If you have a small personal blog and don’t have any big plans to expand it further, then you wouldn’t have to go all out and secure the intellectual properties of your blog. In case your blog also brings you business, and you plan to expand it in the future, then it’s a good idea to get the intellectual properties of your blog registered.
Earlier, blogs were used for personal communication; now blogs have evolved into businesses and are recognised as brands. So, all elements of your blog that can go on to building your brand image can be trademarked. These could include:
If you attempt to get the elements of your blog trademarked, and it’s already been taken, you could face an objection, and your trademark can be denied. It’s a good idea to conduct a Trademark Search to be sure that your trademarks are distinctive. If your trademark is original and unique, you are going to face a lot less trouble securing a trademark registration.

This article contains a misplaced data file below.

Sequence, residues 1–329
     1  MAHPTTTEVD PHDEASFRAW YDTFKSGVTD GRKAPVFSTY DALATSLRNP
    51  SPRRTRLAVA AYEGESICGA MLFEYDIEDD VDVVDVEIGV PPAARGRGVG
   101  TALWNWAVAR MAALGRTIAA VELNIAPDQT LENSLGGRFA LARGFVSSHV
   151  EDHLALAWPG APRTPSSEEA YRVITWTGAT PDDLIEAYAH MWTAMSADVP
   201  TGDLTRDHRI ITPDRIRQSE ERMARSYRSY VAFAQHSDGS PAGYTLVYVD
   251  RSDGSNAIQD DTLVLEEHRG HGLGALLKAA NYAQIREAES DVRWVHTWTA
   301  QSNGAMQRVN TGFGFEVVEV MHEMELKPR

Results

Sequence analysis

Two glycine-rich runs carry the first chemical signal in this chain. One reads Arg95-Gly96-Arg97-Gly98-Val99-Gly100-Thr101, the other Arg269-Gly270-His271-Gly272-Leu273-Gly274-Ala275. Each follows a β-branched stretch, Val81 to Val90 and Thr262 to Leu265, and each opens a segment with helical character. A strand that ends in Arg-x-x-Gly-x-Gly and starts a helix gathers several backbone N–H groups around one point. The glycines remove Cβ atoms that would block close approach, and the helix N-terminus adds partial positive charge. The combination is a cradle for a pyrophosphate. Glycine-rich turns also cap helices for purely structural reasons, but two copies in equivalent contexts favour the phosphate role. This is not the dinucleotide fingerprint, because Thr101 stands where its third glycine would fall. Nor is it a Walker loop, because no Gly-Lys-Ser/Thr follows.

>When you start a blog and share original content on it, the copyright for your blog’s content automatically comes into existence. Meaning, when other people want to use your content, they would have to seek your permission. But it never really happens that way, does it? You can’t press legal action unless you have registered your copyright - Copyright registration serves as the prima facia evidence.
A copyright registration will let you keep the sole credit for all the work that you do. While it will not stop other people from using your content, it will help create the base you need to collect evidence and file for damages under legal recourse.
There is no such thing ‘copyright for a website’. If you want to protect the design of your blog, you would have to identify all the individual elements (design/artistic/text) and make sure you own the intellectual property for all of those elements. However, having said that, when web-pages have been created using CSS or HTML coding, then, as mentioned earlier, the copyright comes to existence the moment the coding is created (and published). After that, it’s a matter of getting a copyright registration to protect your coding.